Telegram: the self-destructing message app 'used to sidestep public record laws'

Several San Francisco supervisors are reportedly using the app

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The Independent Online

San Francisco lawmakers are reportedly using Telegram, a self-destructing message app, as a way to avoid public record disclosure laws as governments struggle with tech companies over privacy issues.

California’s Public Record Act says that text messages and emails by city official are considered public record if they are related to business.

An unnamed San Francisco government member has told tech site The Information that they were encouraged to use the Telegram app by colleagues in City Hall to bypass public record laws.

Several San Francisco supervisors are reportedly using the app.

Telegram has a “secret chat” feature where messages are deleted after a selected period of time of being read on both the recipient and the sender devices. They are not stored on cloud servers or local cache, which makes it a better tool if users want their information to stay private.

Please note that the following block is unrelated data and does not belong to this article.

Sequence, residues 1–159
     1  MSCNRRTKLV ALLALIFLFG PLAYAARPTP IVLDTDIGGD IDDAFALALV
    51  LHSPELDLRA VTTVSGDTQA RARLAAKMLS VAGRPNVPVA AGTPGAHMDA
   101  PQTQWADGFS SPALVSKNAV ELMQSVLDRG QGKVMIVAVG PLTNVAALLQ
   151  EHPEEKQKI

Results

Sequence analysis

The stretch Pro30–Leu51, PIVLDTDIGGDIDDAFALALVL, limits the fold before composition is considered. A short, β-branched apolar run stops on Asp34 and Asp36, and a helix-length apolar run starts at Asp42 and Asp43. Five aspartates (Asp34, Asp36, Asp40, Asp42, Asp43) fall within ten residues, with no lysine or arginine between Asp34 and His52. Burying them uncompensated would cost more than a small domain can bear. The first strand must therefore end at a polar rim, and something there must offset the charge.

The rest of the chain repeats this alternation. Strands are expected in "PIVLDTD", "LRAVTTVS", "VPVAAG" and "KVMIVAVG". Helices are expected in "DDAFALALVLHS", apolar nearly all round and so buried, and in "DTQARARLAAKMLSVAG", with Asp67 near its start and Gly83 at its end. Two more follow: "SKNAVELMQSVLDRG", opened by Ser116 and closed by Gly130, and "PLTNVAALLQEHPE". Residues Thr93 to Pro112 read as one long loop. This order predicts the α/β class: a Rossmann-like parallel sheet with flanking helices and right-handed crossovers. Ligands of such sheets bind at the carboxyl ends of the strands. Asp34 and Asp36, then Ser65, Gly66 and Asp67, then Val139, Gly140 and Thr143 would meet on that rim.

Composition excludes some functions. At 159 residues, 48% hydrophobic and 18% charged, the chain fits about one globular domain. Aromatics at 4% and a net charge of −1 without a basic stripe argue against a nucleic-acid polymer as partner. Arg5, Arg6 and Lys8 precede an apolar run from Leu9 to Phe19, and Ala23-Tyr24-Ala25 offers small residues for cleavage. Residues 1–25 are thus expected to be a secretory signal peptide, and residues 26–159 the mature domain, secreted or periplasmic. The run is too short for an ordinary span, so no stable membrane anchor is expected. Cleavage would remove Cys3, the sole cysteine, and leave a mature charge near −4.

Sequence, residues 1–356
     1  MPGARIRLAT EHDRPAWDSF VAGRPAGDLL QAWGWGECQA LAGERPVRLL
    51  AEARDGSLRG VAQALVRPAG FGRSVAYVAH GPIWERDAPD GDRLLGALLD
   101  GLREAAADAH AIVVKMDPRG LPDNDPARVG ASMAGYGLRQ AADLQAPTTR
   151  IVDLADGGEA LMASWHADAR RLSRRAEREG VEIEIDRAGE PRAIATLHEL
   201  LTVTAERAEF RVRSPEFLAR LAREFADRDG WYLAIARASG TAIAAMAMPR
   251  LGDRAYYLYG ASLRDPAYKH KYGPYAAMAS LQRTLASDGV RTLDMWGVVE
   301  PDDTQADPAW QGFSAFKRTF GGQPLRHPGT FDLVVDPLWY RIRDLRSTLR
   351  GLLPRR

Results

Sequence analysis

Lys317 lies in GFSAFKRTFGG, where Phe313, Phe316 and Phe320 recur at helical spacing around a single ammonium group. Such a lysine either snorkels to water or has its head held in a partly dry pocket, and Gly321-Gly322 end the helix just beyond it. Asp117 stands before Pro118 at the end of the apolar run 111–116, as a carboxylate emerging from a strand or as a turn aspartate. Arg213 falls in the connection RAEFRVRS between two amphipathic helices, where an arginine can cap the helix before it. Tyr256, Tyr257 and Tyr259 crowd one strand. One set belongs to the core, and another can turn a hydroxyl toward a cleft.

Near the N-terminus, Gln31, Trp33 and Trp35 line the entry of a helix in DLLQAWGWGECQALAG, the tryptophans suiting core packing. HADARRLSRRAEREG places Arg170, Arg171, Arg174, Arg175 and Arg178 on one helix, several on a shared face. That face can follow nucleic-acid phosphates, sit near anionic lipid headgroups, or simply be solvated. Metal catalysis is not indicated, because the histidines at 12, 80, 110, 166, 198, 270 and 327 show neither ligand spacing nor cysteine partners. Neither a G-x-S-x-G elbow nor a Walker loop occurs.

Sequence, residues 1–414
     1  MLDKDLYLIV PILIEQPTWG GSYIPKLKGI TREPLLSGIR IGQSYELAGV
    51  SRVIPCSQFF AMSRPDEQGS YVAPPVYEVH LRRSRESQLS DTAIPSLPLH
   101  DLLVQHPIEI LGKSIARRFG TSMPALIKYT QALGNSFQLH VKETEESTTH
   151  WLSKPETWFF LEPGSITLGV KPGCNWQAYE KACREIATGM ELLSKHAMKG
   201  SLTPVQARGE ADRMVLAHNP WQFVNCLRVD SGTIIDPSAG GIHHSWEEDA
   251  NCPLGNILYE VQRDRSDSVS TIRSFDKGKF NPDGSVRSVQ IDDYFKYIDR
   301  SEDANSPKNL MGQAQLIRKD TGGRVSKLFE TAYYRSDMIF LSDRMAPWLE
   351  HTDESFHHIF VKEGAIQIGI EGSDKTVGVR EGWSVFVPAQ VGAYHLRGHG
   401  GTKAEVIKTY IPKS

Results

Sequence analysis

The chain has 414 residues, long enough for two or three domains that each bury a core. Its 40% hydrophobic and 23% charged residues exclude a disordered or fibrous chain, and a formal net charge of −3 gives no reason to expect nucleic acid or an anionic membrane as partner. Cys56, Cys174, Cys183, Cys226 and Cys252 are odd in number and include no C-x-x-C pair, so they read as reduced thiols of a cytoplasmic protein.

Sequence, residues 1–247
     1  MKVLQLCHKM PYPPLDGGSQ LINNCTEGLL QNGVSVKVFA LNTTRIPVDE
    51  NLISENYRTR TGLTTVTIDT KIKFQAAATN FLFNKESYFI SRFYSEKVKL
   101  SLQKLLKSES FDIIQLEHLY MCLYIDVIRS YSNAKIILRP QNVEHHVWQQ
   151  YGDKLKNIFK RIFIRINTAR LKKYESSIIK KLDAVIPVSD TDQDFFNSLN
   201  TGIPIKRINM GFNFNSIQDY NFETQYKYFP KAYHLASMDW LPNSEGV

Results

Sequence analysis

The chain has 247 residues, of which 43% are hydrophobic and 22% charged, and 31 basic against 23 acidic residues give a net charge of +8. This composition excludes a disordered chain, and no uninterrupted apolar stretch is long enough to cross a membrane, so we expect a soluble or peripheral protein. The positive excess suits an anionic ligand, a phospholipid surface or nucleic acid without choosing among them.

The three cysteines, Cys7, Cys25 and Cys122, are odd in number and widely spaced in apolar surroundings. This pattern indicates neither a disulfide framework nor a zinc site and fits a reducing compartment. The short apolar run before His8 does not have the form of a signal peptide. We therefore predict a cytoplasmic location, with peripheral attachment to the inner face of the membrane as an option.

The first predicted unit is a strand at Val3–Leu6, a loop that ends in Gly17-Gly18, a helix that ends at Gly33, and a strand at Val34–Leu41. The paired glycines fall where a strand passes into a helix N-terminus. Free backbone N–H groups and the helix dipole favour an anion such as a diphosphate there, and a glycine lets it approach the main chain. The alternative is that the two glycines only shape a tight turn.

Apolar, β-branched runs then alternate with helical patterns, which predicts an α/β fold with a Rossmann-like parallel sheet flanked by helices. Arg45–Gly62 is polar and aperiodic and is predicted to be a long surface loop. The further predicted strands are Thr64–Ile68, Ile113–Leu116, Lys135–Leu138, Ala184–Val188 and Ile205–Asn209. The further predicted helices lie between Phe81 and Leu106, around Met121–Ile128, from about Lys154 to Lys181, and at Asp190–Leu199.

The app has received sustained attention since the attacks in Paris, since some have claimed that it is being used to recruit extremists and then plan attacks.

“Our mission is to provide a secure means of communication that works everywhere on the planet. In order to do that in the places where it is most needed, we have to process legitimate requests to take down illegal public content,” the Telegram team have said.

LeeAnn Pelham, executive director of the San Francisco Ethics Commission told the Information that the laws have to evolve.

“If folks are doing the public’s business, that’s something policies have to evolve over time to capture,” she said.

WhatsApp, which unlike Telegram does not have a secret messaging feature, is about to add encrypted video chats to its app, according to reports this week.

The Facebook-owned company is looking to further bulk up the security of its messaging app as the dispute between Apple and the FBI over whether the tech giant should unlock a phone used by one of the San Bernardino killers is growing more contentious by the day. 

John Wonderlich, interim policy director for the Sunlight Foundation, an advocacy group for open government, expects a debate around public records to fire up as encrypted messaging apps continue to go mainstream, according to the report.

“This has been talked about a lot as something we will be concerned about. It makes sense it starts in San Francisco,” he said.